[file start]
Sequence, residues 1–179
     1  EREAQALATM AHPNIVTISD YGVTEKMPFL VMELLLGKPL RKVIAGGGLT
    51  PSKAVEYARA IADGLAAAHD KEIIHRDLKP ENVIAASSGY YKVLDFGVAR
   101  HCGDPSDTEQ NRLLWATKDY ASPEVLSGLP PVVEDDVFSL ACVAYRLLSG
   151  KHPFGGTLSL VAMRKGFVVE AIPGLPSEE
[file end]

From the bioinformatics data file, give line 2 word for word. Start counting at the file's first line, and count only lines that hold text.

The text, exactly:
     1  EREAQALATM AHPNIVTISD YGVTEKMPFL VMELLLGKPL RKVIAGGGLT